Whales, Too, Sing Sweet Love Songs
Sometimes a whale just carries a tune.
Just like human beings, displays of affection win hearts among creatures of the sea.
Humpback whales, some of the largest sea mammals in the world, stand out as among those who impress their mates with ‘love songs’.
While they sound nothing like Sauti Sol, the repeated snorts, clicks, whistles, moans, grunts, blasts and shrieks delight the females and are an object of fascination for experts and laypeople alike.
Some underwater acoustic devices have, for the first time, been anchored to the bottom of the Watamu Marine Reserve to capture the love songs of the passing male whales.
For years, humpback whales have been migrating from Antarctica to warmer climates, congregating in Kenyan waters between July and August to calve and mate.
Journey back to Antarctica
After spending two months nursing their calves, the whales then make their journey back to Antarctica around September.
In East Africa, the whales travel up to 4,000 kilometres to reach Mozambique, Tanzania, or Kenya to take care of their new-borns.
Mr Michael Mwang’ombe, the marine mammal project coordinator at Watamu Marine Association (WMA), said male whales communicate through song, which to the human ear sounds more like a haunting melody.
Researchers aren’t entirely sure why whales sing, although most agree that it has something to do with courtship.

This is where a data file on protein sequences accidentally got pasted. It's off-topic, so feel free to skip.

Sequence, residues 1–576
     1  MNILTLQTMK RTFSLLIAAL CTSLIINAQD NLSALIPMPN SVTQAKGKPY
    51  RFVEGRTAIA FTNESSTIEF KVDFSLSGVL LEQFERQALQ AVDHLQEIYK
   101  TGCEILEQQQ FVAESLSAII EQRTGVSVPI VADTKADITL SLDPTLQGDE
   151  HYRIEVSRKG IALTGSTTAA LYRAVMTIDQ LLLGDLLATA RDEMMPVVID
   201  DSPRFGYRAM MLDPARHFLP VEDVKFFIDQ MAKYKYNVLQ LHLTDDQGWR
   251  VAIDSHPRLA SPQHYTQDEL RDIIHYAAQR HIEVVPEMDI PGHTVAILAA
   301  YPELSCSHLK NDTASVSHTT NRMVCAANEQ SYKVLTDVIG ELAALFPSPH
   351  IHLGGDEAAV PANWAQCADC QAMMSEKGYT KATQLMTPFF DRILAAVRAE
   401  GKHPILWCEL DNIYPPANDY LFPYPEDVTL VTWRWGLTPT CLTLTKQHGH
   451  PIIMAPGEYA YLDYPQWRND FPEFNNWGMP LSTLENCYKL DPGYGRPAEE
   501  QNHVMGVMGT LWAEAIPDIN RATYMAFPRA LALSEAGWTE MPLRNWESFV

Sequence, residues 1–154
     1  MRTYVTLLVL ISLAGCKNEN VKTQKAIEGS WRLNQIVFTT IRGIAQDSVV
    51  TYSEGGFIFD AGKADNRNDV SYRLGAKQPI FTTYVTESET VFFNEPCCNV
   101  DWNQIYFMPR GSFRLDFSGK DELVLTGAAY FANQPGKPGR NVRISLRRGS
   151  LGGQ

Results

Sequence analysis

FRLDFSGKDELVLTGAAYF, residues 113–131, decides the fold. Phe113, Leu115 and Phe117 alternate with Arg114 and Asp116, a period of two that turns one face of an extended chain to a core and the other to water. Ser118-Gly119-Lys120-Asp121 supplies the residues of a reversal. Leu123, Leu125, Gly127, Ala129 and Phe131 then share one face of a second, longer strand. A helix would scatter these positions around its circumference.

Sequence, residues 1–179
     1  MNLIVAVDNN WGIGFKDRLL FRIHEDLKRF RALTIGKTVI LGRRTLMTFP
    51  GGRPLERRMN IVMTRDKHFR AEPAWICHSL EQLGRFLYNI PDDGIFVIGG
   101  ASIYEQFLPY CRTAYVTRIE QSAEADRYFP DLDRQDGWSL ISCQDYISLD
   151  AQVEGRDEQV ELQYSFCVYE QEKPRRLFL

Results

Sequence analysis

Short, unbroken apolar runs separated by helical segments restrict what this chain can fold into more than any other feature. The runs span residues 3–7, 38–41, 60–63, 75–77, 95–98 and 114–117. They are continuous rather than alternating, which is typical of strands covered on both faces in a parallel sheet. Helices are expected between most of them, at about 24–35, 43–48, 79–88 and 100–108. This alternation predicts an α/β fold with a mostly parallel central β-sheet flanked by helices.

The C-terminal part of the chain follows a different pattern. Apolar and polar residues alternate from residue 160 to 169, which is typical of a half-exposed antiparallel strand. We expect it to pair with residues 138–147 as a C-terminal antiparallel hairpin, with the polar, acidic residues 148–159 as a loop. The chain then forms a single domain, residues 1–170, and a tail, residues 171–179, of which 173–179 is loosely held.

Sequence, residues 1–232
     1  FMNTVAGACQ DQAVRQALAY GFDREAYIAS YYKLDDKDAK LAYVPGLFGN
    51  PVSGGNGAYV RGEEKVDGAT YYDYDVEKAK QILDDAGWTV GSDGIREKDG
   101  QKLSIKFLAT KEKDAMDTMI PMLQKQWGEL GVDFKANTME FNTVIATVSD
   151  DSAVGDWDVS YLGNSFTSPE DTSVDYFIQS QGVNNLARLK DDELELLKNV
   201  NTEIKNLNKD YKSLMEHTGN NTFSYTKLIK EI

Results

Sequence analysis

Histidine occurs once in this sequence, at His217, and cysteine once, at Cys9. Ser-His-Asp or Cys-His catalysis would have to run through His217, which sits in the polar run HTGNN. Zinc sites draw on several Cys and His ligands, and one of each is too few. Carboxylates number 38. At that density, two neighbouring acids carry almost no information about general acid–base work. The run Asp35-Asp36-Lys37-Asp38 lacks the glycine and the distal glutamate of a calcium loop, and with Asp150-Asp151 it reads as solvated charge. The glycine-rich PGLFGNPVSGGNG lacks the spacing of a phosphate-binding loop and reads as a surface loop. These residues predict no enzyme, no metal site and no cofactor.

Given that the singers are male and they mainly sing during the mating season, the songs are probably used to attract females, or perhaps they are territorially used to keep away other males.
Just like our own sound of music, the whales’ songs evolve over time. Every year units and phrases are added, changed, or dropped.
The males learn songs like the verses of a human song and can remix them. And each region has its own dialect.
Similar to the way we humans transfer language through social learning, humpbacks pass down their songs from one whale to another. Whales from diverse locations gather and learn new songs from other whales.
The music mixes different pitches and textures — from high wails to deep growls, rhythmic scratches to choruses that have a full range of emotions in the longest song performed by any animal.
“It can be compared to the development of different traditional Kenyan songs. The whales sing the same song, though some decide to modify the tunes, a sort of improvising, which is specific to an area, again like Kenyan traditional music,” said Mr Mwang’ombe.
Only underwater divers can hear the songs clearly in Watamu.
It is these sounds that marine conservationists and biologists are hoping will help them learn about humpback whale breeding sites in the South Western Indian Ocean.
Type of courtship
“There is much to learn about humpback whales and their communications, so far it is understood that male whale song improves reproductive success, and peaks around breeding time, so it’s a type of courtship. It is also believed that singing helps define territory with different whales,” he said.
Scientists from Madagascar, Mayotte, Mozambique, Tanzania, Australia, and Watamu are working together to eavesdrop on these songs using sound traps.
“We recorded the first whale song in Kenya in 2018 with a hand-held device from a vessel, for 15 minutes,” said Mr Mwang’ombe.
He said the sound traps deployed in 2020 are underwater devices anchored to the sea bed for up to two months and they record autonomously for a longer period than the handheld recorders.
According to WMA, male humpback whales sing the longest and most complex songs within the animal kingdom.